NieR: Automata (Read our review here)

In my review I called this the greatest game of all time, and I stick by that. NieR: Automata is everything that I want in a game, from an intense, intelligent story, to gorgeous art direction, an incredible soundtrack, and tight, elegant action. Yoko Taro thinks about his games more deeply than any other game artist out there, and the results shine through in his work. If you haven’t played NieR: Automata yet, then you simply haven’t seen how far the “games as art” boundary can be pushed.

Dynasty Warriors: Godseekers (Read our review here)

I had low expectations going into this game. Not because I thought I wouldn’t enjoy it; I like most of Koei’s historical games, but rather as a tactics RPG I wasn’t sure if that would be the right way for the Warriors franchise to spin next. I was wrong. Godseekers might be a tactics game in name, but the way that you can string together attacks to take down hordes of enemies in a single turn is a perfect adaptation of the big action of the main Warriors games in turn-based form. There’s no other tactics game out there quite like this one.

A Rose In The Twilight (Read our review here)

The PlayStation Vita is anything but dead. Despite the lack of support from Sony itself, the Japanese developers and publishers continue to throw a lot of weight behind it, and A Rose In The Twilight from Nippon Ichi is the strongest of these games so far. In principle it’s a simple puzzle platformer, but the game’s themes are so exquisitely dark, and the game is so atmospheric and emotive, that this is a truly artful, meaningful little game, and it’s on the sleeper list to pick up a bunch of awards at this year’s DDNet awards, I suspect.

Atelier Firis (Read our review here)

I will forever have time for the Atelier series. Atelier Firis is different and experimental enough that I suspect a number of long-term fans will be put off by it, but as a vision for the future of the series, I love where it’s going, with its big areas to explore and a return to that ultra-cute, light, bubbly characterisation (after the Dusk trilogy there was the risk that the series was on a path to ‘maturity.’) That, plus, Firis is just the most adorably cute protagonist. I love her.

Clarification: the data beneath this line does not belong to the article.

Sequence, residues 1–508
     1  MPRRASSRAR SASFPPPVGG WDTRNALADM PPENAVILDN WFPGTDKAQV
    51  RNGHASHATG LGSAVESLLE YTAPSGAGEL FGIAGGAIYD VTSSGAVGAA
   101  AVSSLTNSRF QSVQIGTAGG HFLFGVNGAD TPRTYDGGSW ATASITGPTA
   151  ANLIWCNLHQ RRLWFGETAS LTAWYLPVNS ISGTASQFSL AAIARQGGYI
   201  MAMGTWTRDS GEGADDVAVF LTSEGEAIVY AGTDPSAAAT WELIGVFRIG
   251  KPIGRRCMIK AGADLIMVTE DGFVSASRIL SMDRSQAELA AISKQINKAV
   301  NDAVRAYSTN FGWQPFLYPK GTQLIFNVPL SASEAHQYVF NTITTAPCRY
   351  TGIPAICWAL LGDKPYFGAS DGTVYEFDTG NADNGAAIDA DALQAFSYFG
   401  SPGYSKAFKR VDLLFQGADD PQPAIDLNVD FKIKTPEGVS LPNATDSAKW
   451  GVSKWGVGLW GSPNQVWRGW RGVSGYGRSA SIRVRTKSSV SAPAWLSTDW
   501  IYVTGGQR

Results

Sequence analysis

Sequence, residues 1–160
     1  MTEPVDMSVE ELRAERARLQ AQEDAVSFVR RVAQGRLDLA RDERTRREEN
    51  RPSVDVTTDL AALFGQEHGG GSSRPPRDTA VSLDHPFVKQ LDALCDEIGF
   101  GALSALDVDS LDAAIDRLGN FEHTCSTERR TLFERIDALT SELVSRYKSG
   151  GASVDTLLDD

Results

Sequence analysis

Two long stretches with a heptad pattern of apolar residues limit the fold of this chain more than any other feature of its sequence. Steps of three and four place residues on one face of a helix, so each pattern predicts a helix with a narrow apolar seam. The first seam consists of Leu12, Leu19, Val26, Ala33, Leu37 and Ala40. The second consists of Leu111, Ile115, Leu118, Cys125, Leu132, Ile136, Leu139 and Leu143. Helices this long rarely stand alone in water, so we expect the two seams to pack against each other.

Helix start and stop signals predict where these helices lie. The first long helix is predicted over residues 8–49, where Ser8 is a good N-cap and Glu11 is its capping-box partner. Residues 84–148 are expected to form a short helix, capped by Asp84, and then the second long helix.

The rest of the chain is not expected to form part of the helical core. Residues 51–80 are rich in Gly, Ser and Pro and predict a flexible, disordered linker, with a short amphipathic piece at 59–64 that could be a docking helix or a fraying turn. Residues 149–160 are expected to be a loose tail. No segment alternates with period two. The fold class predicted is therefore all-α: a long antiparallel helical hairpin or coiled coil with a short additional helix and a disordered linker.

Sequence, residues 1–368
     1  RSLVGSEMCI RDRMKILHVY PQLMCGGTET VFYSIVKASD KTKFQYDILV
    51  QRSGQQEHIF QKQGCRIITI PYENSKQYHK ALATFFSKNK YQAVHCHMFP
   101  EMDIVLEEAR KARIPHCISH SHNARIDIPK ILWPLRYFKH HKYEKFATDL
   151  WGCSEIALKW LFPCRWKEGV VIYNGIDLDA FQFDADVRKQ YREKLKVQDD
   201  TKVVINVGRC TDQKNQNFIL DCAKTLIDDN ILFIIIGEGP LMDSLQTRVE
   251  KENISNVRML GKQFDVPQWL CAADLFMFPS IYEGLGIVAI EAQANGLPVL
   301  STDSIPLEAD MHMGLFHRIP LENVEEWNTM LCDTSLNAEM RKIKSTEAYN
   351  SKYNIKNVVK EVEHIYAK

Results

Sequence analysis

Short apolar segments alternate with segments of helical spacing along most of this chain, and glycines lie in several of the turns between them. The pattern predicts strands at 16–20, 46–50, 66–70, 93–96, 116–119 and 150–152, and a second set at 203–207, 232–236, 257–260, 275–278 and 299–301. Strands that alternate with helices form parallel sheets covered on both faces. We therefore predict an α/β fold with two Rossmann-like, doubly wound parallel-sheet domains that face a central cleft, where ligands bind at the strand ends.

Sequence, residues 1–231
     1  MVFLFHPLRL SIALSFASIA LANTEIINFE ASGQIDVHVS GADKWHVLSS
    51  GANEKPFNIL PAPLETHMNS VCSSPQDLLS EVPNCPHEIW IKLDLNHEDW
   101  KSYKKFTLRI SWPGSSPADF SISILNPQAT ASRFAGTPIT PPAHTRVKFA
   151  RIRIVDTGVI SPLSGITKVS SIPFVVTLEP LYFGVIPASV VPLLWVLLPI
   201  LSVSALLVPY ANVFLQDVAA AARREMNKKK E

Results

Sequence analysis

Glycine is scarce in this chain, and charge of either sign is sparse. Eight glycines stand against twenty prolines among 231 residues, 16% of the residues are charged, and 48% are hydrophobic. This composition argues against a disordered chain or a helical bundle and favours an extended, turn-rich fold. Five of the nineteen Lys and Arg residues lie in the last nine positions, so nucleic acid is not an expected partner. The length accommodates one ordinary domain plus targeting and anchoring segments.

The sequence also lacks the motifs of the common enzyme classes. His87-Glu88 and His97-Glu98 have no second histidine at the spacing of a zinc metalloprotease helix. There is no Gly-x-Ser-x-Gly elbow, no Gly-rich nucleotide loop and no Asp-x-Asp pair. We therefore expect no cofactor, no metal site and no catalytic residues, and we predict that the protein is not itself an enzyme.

Nioh (Read my review here)

I don’t think anyone expected Koei Tecmo to pull out a “Souls-like” game that was actually better than the Dark Souls series, but that’s exactly what Koei Tecmo managed to do with Nioh. Setting their ultra-hard, ultra-dark fantasy crawler in Japan, Nioh had what a lot of other attempts at “Souls-like” games don’t; it had its own identity, sense of being, lore, and style. It was a game that would have been familiar to Souls fans, but also subtly different, and those subtle differences amounted to a game that was more refined and, ultimately, more interesting.

– Matt S.
Find me on Twitter: @digitallydownld

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This is the bio under which all legacy articles are published (as in the 12,000-odd, before we moved to the new Website and platform). This is not a member of the DDNet Team. Please see the article's text for byline attribution.